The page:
Over the last 18 years, I’ve had the opportunity to experience the manufacturing journey first hand. When I joined iRobot to set up and lead the manufacturing team for Roomba, we needed to figure out all of the hardware from scratch. Just making a motor spin required designing an H-Bridge, picking out components, and writing custom firmware. This process took about three weeks.
It’s incredible to see how things have evolved, and how much opportunity for change is still on the horizon. Getting from an idea to a compelling prototype is easier than ever before and while manufacturing is becoming more accessible, it’s still tricky to navigate. I see the next wave of innovation in hardware being focused around making manufacturing more accessible.
Successfully manufacturing products at scale is inherently complex — it requires:
- Diverse set of skills, including project management; technical expertise in areas such as injection molding, die casting, sheet metal, PCB assembly, test fixtures, etc.; estimation and forecasting skills; and vendor selection and management.
- Ability to effectively communicate, often with team members and partners separated by different time zones, languages and cultures.
- Understanding of the long-term impact of decisions made early in the manufacturing process. For example, balancing your payment terms with your factory and with your customer can make or break your company.
- Tools to model cash flow and break-even quantities, and to calculate Cost of Goods Sold (COGS), and capital expenses (i.e. the cost of tooling and fixtures).
- Ability to select appropriate fabrication methods (i.e. 3D Printing, Machining, Injection Molding, etc) with cost and quality in mind.
- Strong and trusted network of factories, suppliers and partners that often takes many years to develop.
Early Decisions Cast Long-Shadows
Decisions made early in the manufacturing journey are critical, as they often cast long-shadows that can ultimately define the difference between success and failure. Unlike software development, it is much harder to iterate and optimize hardware products the closer you get to production.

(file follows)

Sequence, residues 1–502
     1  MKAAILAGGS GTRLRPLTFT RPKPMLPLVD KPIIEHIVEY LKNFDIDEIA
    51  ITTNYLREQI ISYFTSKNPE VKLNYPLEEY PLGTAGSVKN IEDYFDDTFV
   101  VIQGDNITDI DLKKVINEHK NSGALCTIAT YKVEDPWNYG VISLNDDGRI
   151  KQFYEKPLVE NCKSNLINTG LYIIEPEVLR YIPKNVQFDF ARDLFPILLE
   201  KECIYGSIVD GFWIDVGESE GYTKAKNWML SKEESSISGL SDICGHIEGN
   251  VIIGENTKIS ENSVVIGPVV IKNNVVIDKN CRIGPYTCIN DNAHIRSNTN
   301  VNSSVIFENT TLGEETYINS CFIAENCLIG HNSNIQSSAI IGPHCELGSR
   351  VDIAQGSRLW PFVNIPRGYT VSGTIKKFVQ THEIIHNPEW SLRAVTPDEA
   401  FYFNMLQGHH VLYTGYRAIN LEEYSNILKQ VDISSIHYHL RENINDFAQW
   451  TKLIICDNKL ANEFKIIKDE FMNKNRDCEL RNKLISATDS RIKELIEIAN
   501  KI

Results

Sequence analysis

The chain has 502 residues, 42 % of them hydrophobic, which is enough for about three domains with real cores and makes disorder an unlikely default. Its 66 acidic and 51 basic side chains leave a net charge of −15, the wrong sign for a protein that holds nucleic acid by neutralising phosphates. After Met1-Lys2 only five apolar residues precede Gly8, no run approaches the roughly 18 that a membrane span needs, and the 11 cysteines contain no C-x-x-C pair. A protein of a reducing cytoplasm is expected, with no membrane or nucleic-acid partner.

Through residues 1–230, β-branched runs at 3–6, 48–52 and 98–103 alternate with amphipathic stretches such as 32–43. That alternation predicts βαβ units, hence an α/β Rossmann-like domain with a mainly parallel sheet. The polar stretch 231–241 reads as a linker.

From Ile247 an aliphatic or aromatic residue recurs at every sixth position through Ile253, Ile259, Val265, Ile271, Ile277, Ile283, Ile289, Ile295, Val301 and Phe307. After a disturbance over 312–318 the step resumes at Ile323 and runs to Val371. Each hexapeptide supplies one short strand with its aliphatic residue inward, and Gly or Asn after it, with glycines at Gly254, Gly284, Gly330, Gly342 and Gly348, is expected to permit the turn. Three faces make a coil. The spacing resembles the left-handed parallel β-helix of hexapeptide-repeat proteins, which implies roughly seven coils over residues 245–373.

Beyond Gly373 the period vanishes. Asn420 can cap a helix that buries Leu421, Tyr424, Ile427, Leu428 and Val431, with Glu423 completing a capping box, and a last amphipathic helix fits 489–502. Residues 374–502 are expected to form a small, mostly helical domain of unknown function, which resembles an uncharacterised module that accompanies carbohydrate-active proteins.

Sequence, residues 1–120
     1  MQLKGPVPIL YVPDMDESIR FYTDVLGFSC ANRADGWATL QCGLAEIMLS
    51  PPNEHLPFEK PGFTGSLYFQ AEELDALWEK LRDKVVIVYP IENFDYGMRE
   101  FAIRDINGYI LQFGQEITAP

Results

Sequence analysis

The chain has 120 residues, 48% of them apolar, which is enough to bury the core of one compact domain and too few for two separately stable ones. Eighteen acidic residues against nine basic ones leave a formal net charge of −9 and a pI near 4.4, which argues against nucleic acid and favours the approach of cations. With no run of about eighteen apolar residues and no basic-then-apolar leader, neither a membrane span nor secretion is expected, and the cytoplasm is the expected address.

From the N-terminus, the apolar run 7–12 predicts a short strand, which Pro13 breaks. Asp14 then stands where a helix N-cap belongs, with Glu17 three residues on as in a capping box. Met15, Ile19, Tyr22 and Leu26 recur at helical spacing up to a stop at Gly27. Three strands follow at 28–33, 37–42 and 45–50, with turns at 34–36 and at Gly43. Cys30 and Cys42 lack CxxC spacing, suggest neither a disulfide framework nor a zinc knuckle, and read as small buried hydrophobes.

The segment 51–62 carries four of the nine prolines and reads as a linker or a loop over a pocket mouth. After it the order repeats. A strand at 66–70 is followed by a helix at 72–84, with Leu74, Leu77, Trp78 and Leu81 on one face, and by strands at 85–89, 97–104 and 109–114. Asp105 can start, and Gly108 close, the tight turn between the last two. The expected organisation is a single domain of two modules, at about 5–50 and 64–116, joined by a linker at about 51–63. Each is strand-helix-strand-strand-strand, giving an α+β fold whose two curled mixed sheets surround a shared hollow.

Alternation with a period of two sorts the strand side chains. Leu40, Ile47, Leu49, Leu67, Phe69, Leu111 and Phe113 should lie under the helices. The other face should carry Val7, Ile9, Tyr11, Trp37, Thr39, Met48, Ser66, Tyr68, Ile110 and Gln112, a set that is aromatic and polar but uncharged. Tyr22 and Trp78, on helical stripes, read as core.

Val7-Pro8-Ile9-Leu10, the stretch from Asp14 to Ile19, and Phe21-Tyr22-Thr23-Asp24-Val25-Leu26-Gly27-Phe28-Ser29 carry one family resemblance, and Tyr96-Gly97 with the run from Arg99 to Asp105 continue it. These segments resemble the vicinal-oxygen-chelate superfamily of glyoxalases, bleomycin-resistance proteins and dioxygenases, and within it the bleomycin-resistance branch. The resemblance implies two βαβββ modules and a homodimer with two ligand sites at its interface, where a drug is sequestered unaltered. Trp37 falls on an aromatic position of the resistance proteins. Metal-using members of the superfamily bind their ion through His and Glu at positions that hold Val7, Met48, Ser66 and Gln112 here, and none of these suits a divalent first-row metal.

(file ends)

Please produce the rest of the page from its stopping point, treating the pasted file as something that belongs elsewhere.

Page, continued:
When we were preparing to ship the first batch of 5,000 Roombas, we decided to test a few units for longer than our standard 5-hour tests. Much to our horror, after about 8 hours of run-time most robots developed a fatal flaw and started spinning in circles. When we took apart the units, we discovered that dust was clogging up the optical encoders. With the shipment deadline just 36 hours away, we couldn’t change the tooling and had very limited options to fix the problem. Though we were able to avoid disaster, after 5 years of hard work we almost failed at the finish line.
Cost, Quality & Schedule
With any complex task, it helps to break it into simpler pieces. We’ve found it effective to break down manufacturing into the following:
These “points of the manufacturing triangle” are all interrelated. For example, if you increase the cost of a product, you can often improve the quality and accelerate the schedule – using a more expensive motor may require less software development and provide a shorter lead time. However, the art comes in finding the right balance between all three points. In this example, if the cost is increased too much, backers may not be willing to in contribute to your campaign.
Phases of Hardware Journey
It’s helpful to think about the hardware journey as a series of phases. Doing the appropriate due diligence in the early phases will help you to set yourself up for success during the later, and more costly, parts of the journey.